Can You Trademark an Entire Genre? Breaking Down the PUBG vs. Fortnite Dispute

Can You Trademark an Entire Genre? Breaking Down the PUBG vs. Fortnite Dispute

As of June 2018, the “battle royale” game Fortnite surpassed 125 million players worldwide. Unless you’ve been living under a rock for the past year, you’ve probably heard of Fortnite. It’s an online survival shooter game where 100 players duel it out to be the last one standing on a gradually shrinking map. It is free-to-play across all major video game consoles, PC and mobile, yet despite costing nothing to join, in-game purchases made publisher Epic Games $126 million in February 2018 alone.

You might be wondering: Why are the February numbers important? It’s because that’s the first time Fortnite’s monthly revenue surpassed that of PlayerUnknown’s Battlegrounds (PUBG). What is PUBG? Well…it’s an online survival shooter game where 100 players duel it out to be the last one standing on a gradually shrinking map. Sound familiar? PUBG Corp thought so too, which is why they attempted to sue Epic Games for copyright infringement. And with that, the plot thickens…

What Makes This Case Tricky

Fortnite vs. PUBG trademark case

First of all, Epic Games is the creator of Unreal 4, the engine on which PUBG was built. So the two companies already had a tentative connection. Secondly, when Epic Games announced Fortnite’s battle royale mode in September 2017, the company cited PUBG as an inspiration. The blog post in question states, “We love Battle Royale games like PUBG and thought Fortnite would make a great foundation for our own version.” So, Epic Games admits the correlation between the two games right off the bat.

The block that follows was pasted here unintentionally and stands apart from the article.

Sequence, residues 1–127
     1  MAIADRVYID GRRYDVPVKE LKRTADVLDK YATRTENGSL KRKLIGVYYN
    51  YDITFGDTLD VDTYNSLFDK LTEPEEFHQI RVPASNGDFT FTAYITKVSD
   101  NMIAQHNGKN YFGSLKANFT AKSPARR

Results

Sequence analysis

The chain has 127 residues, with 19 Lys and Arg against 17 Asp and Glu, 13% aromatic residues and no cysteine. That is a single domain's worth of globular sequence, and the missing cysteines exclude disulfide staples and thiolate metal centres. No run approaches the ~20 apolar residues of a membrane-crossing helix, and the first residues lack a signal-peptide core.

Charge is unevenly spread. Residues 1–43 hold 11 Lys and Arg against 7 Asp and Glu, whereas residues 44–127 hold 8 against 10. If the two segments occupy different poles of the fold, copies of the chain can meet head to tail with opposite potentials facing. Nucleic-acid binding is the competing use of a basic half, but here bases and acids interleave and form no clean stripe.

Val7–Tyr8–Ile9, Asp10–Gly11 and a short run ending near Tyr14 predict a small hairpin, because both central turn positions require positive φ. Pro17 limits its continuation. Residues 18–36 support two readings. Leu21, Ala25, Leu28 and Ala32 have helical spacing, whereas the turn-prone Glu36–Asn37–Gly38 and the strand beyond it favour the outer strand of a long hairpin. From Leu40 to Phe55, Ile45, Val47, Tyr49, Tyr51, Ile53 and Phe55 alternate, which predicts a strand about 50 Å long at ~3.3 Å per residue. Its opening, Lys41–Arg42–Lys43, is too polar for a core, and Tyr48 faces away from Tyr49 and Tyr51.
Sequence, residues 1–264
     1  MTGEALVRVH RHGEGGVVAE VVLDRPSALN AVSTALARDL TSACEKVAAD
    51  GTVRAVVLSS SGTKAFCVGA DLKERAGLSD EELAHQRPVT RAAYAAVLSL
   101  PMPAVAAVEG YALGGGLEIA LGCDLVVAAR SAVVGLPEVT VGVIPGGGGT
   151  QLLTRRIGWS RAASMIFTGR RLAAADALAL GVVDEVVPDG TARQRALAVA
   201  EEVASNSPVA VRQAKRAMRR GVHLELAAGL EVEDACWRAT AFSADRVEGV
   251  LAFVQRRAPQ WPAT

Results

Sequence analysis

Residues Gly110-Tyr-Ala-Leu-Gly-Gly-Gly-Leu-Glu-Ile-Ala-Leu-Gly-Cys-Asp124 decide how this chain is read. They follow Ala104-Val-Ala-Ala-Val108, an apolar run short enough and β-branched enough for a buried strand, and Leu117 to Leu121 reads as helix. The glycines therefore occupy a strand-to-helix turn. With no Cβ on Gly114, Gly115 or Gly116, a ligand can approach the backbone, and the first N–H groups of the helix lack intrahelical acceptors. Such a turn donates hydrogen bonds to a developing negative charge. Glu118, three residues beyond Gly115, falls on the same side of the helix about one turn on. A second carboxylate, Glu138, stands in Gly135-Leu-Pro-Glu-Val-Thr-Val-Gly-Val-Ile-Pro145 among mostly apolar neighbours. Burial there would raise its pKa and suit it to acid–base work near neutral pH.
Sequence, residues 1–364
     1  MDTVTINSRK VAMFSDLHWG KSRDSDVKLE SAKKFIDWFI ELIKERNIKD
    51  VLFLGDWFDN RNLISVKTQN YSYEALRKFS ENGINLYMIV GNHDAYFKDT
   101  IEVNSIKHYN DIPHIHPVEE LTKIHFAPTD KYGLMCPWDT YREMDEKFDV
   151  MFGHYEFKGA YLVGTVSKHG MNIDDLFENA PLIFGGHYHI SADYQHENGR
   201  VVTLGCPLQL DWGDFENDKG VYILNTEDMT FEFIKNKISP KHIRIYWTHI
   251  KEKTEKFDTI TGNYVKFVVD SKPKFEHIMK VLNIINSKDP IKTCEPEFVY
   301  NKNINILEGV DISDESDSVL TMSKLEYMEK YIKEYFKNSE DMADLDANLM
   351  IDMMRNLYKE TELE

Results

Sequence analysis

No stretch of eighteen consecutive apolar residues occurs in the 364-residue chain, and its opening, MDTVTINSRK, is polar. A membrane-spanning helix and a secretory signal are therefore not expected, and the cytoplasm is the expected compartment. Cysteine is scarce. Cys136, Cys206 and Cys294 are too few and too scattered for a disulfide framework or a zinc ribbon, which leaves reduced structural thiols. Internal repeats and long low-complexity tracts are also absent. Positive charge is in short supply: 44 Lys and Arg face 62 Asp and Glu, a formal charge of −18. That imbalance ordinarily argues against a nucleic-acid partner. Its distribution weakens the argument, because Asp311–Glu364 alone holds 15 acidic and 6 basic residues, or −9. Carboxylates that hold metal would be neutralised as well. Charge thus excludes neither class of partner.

PUBG developer Bluehole’s vice president Chang Han Kim responded that he is “concerned that Fortnite may be replicating the experience for which PUBG is known.” This concern lead PUBG Corp, a subsidiary of Bluehole, to attempt an injunction that would ban Epic Games from distributing Fortnite in South Korea. BanningVideoGames.Sucks, but does PUBG have a case?

Copyright infringement would be very difficult to prove in this case. After all, Fortnite copied PUBG’s “idea”, but not any of the actual content or in-game assets. Both games are built on the Unreal 4 engine, which could account for similarities in assets or style, but Epic Games owns U4—PUBG is just licensing the software. CopyrightInfringement.Sucks, but plenty of entertainment is based on pre-existing ideas, genres and stories.

What PUBG Did Next

PUBG lawsuit drop against Epic Games

In June 2018, PUBG Corp dropped its lawsuit against Epic Games in South Korea. And they were probably right to do so. Trying to copyright a video game genre would be nearly impossible, particularly when PUBG didn’t invent the “battle royale” concept in the first place. Hunger Games is just one recent example of the popularity of the battle royale genre in fiction, with the famous Japanese book Battle Royale popularizing the concept way back in 1999 (nine years before the first Hunger Games book was released, mind you, but that’s an issue for another day). In fact, PUBG wasn’t even the first video game to use this format: H1Z1, another battle royale style game, has been around even longer than either PUBG or Fortnite.

So, PUBG focused their efforts on a more favorable case: mobile battle royale-type games that blatantly copy assets, phrasing and content from the PUBG game. For example, games using the iconic PUBG frying pan weapon or the infamous victory phrase, “Winner Winner Chicken Dinner.” PUBG Corp is currently seeking the removal of at least two games from the Apple App store—Rules of Survival and Knives Out—for stealing copyrighted material. These cases are ongoing.

The Takeaway

Trademark and copyright protection can be tricky, but it’s vital to protect your intellectual and creative property from infringement. The Fortnite vs. PUBG debacle shows just how sticky these conflicts can get. It’s important to pay attention to recent copyright and trademark battles and try to learn from them so you can protect your brand going forward.

IdeaTheft.Sucks—and a custom landing page could be exactly what you need to make your point in a cluttered online world.

Photo Credits: Shutterstock / Rokas Tenys, Shutterstock / Lenscap Photography, Shutterstock / Lukmanazis